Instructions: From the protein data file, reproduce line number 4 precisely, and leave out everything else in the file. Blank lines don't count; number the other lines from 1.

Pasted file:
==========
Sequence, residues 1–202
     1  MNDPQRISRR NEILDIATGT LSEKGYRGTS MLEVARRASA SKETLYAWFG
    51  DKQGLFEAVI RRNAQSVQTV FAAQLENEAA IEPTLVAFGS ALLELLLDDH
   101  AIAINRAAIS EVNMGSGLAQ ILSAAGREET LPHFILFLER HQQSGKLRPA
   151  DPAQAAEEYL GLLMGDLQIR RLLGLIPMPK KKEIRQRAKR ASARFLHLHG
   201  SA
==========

   101  AIAINRAAIS EVNMGSGLAQ ILSAAGREET LPHFILFLER HQQSGKLRPA